Full episode: Market Call Tonight for Tuesday, February 19, 2019
Richard Croft, president and chief investment officer at R.N. Croft Financial Group
Focus: Options and ETFs
Trade and tweet wars
Most analysts think the U.S.-China trade war is the most influential dynamic affecting investor sentiment. A positive outcome should provide some mild lift to equity markets. An unexpected negative outcome would likely cause a major sell-off. The main reasons behind the dispute are intellectual property rights, trade imbalances and seeking a level playing field where government intervention is limited.
We increased odds in favour of some sort of agreement from 60-40 to 80-20. In our base case, China opts to make a short-term deal that placates the bully, giving Trump a political win in the knowledge that it could renegotiate it in two or six years. Such is the advantage of a “leader-for-life” (something President Trump has mused about when speaking to his base) when negotiating with a partner focused on four-year election cycles. And let’s face it: with a trade agreement in place, how would one stop China from simply abiding by the components that are palatable while backdooring intellectual property rights?
On the other hand, China could also refuse to go along with any deal. While this would go against China’s typical negotiation stance, there’s a school of thought that China is too far along on its 100-year strategy to be bullied by an imperialist superpower.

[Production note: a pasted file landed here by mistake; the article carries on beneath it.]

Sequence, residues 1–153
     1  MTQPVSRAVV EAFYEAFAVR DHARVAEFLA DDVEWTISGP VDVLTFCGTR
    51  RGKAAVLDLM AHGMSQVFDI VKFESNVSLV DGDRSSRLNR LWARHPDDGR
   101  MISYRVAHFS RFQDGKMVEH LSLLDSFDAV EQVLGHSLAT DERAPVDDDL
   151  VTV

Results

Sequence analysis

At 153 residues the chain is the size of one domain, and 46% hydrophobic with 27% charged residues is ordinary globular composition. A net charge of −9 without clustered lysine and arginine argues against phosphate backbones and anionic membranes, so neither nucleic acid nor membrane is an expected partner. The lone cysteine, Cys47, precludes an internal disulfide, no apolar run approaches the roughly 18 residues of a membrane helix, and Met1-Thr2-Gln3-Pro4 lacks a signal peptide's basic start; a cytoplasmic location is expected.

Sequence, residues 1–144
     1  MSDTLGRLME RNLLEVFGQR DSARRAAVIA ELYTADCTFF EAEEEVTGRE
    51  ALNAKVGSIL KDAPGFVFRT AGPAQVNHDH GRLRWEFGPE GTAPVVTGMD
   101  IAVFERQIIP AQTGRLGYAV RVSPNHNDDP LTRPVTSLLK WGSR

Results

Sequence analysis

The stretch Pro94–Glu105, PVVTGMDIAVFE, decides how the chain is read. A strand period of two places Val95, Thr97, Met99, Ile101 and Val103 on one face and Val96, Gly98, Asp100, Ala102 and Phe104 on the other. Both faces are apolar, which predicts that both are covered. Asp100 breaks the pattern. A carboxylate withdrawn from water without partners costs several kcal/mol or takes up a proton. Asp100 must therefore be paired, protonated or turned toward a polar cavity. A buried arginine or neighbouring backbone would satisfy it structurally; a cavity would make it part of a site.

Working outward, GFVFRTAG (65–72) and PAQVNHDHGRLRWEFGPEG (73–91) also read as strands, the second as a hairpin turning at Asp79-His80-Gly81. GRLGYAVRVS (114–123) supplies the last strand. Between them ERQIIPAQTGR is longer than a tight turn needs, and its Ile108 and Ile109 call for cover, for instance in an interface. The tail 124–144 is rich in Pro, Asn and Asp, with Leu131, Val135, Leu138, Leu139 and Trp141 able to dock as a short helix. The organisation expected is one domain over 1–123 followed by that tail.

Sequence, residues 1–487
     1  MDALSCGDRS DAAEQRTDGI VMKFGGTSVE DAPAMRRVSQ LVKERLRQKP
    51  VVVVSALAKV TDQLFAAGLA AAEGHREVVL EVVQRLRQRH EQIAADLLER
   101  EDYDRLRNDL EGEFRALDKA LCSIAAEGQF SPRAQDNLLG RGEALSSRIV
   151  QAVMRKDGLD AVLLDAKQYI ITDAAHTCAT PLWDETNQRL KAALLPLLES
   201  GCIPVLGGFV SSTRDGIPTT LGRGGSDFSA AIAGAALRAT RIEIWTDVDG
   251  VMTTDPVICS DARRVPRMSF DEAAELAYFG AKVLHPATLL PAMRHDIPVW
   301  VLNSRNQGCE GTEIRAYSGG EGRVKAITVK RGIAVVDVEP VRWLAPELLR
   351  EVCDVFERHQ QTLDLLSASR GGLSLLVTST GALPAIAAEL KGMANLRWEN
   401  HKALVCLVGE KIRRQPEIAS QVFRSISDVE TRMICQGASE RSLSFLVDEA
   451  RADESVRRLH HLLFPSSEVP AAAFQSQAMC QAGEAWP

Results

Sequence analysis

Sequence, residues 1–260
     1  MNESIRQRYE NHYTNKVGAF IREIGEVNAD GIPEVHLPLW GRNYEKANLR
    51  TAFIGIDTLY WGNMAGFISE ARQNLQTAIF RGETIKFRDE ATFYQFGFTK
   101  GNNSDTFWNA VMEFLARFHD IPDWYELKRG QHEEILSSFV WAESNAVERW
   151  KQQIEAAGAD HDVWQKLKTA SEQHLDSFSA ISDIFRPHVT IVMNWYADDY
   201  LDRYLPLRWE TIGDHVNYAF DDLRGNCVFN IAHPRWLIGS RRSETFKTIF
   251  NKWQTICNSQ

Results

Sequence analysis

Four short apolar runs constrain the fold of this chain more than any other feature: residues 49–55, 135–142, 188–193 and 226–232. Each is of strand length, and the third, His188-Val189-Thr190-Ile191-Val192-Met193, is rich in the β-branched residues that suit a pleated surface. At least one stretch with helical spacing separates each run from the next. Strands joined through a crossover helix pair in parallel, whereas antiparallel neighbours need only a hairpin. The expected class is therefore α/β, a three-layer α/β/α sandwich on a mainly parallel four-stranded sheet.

Central bank influence
The U.S. Federal Reserve raised interest rates in December. We think that may be the end of the rate hike cycle for the foreseeable future. Interestingly, it wasn’t the rate hike that rattled markets, but Jerome Powell’s insistence that the deleveraging of the Fed’s balance sheet (that is, allowing bonds to mature without replacing them with new purchases) was on autopilot.
Unwinding the bond purchases that were part of the three quantitative easing programs following the financial crisis is a form of tightening. Many analysts believe that the autopilot description where the Fed was unwinding US$50 billion per month is equivalent to two quarter-point rate hikes. The Fed raising rates at a time this deleveraging is taking place leads to concerns that the Fed will overstate its objective and prematurely cause a recession.
In early January, Powell acknowledged that concern at least in a way that markets seemed to understand. The markets reacted positively and rallied more than 750 points. Clearly the markets remain focused on that issue and it will play into longer-term performance.
ISHARES CHINA LARGE CAP ETF (FXI.N)
SYNTHETIC LONG: BANK OF AMERICA (BAC.N)
- Buy BAC January (2021) 30 calls: $3.60
- Sell BAC January (2021) 30 puts: $4.10
- Net per share out of pocket cost: $(0.50)
BULL PUT SPREAD: SQUARE (SQ.N)
- Sell SQ September 75 puts: $10.20
- Buy SQ September 60 puts: $4.30
- Net per share out of pocket cost: $(5.90)
PAST PICKS: JULY 3, 2018
BMO EQUAL WEIGHTED BANK ETF (ZEB.TO)
- Then: $29.04
- Now: $28.96
- Return: -0.3%
- Total return: 2%
O‘SHARES FTSE RUSSELL 2000 SMALL CAP QUALITY DIVIDEND ETF (OUSM.N)
- Then: $27.24
- Now: $26.78
- Return: -2%
- Total return: -0.4%
FIRST TRUST DOW JONES INTERNET ETF (FDN.N)
- Then: $138.16
- Now: $137.13
- Return: -1%
- Total return: -1%
Total return average: 0.3%